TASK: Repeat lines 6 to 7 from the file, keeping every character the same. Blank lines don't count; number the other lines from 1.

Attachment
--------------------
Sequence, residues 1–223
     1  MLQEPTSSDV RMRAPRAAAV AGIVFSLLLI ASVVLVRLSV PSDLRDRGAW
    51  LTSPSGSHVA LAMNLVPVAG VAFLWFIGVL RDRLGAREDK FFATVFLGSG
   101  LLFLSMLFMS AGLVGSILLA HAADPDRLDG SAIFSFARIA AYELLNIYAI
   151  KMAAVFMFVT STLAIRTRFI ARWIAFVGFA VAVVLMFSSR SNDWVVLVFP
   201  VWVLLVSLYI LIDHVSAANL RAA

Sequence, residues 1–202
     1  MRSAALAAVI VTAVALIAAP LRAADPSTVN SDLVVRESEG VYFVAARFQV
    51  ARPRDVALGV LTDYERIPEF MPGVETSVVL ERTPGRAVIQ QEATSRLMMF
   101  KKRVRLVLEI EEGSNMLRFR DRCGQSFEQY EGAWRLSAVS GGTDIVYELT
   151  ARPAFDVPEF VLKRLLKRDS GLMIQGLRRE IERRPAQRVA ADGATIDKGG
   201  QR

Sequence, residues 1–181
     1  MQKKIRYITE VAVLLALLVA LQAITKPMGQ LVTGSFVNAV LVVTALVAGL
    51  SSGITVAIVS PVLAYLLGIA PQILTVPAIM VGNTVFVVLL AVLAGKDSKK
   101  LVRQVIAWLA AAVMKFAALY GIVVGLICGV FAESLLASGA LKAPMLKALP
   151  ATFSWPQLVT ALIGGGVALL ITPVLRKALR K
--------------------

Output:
   201  VWVLLVSLYI LIDHVSAANL RAA

Sequence, residues 1–202